|Olympus E-410||130 mm||91 mm||53 mm||435 g||500||n||Mar 2007||699|
|Olympus E-510||136 mm||92 mm||68 mm||538 g||750||n||Mar 2007||799|
|Panasonic G9||137 mm||97 mm||92 mm||658 g||400||Y||Nov 2017||1,699|
|Panasonic GH5||139 mm||98 mm||87 mm||725 g||410||Y||Jan 2017||1,999|
|Panasonic GX8||133 mm||78 mm||63 mm||487 g||330||Y||Jul 2015||1,199|
Notes: Measurements and pricing do not include easily detachable parts, such as add-on or interchangeable lenses or optional viewfinders.
(1) Number of images that can be taken on a full battery charge according to the CIPA-standard; (2) Official announcement.
The price is, of course, an important factor in any camera decision. The listed launch prices provide an indication of the market segment that the manufacturer of the cameras have been targeting. The E-30 was launched at a markedly lower price (by 35 percent) than the E-M1 II, which puts it into a different market segment. Usually, retail prices stay at first close to the launch price, but after several months, discounts become available. Later in the product cycle and, in particular, when the replacement model is about to appear, further discounting and stock clearance sales often push the camera price considerably down. Then, after the new model is out, very good deals can frequently be found on the pre-owned market.
The size of the imaging sensor is a crucial determinant of image quality. A large sensor will tend to have larger individual pixels that provide better low-light sensitivity, wider dynamic range, and richer color-depth than smaller pixel-units in a sensor of the same technological generation. Further, a large sensor camera will give the photographer additional creative options when using shallow depth-of-field to isolate a subject from its background. On the downside, larger sensors tend to be associated with larger, more expensive camera bodies and lenses.
Both cameras under consideration feature a Four Thirds sensor and have a format factor (sometimes also referred to as "crop factor") of 2.0. Within the spectrum of camera sensors, this places the review cameras among the medium-sized sensor cameras that aim to strike a balance between image quality and portability. Both cameras feature a native aspect ratio (sensor width to sensor height) of 4:3.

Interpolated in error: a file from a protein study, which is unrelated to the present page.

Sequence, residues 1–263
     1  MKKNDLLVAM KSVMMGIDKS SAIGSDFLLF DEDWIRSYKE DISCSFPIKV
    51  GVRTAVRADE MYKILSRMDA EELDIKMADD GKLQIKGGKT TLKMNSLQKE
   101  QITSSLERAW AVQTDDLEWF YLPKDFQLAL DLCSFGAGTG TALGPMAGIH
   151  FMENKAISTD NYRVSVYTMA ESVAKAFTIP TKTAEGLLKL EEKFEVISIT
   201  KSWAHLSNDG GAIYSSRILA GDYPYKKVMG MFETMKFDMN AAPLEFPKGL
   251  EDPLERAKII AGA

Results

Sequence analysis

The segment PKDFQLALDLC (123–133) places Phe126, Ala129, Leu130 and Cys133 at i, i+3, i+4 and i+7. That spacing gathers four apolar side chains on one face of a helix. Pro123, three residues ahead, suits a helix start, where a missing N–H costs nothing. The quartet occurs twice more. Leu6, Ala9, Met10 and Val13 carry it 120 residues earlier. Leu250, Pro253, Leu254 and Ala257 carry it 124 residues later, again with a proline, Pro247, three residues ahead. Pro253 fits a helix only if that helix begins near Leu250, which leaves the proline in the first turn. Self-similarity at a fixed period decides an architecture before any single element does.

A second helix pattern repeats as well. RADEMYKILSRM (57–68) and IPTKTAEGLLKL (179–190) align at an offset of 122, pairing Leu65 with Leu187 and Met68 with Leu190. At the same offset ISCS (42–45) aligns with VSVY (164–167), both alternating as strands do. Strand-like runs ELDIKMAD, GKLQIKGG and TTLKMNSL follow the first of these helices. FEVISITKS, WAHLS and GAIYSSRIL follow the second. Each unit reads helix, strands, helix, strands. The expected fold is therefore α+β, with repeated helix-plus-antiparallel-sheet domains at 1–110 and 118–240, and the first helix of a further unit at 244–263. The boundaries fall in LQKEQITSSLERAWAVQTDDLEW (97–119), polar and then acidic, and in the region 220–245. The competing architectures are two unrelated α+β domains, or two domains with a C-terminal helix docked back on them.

Technology-wise, the E-M1 II uses a more advanced image processing engine (TruePic VIII) than the E-30 (TruePic III+), with benefits for noise reduction, color accuracy, and processing speed.
While the two cameras under review share the same sensor size, the E-M1 II offers a higher resolution of 20.2 megapixels, compared with 12.2 MP of the E-30. This megapixels advantage translates into a 29 percent gain in linear resolution. On the other hand, these sensor specs imply that the E-M1 II has a higher pixel density and a smaller size of the individual pixel (with a pixel pitch of 3.34μm versus 4.29μm for the E-30). However, it should be noted that the E-M1 II is much more recent (by 7 years and 10 months) than the E-30, and its sensor will have benefitted from technological advances during this time that compensate for the smaller pixel size. Coming back to sensor resolution, it should be mentioned that the E-M1 II has no anti-alias filter installed, so that it can capture all the detail its sensor resolves.
The resolution advantage of the Olympus E-M1 II implies greater flexibility for cropping images or the possibility to print larger pictures. The maximum print size of the E-M1 II for good quality output (200 dots per inch) amounts to 25.9 x 19.4 inches or 65.8 x 49.4 cm, for very good quality (250 dpi) 20.7 x 15.6 inches or 52.7 x 39.5 cm, and for excellent quality (300 dpi) 17.3 x 13 inches or 43.9 x 32.9 cm. The corresponding values for the Olympus E-30 are 20.2 x 15.1 inches or 51.2 x 38.4 cm for good quality, 16.1 x 12.1 inches or 41 x 30.7 cm for very good quality, and 13.4 x 10.1 inches or 34.1 x 25.6 cm for excellent quality prints.
The E-M1 II has on-sensor phase detect pixels, which results in fast and reliable autofocus acquisition even during live view operation.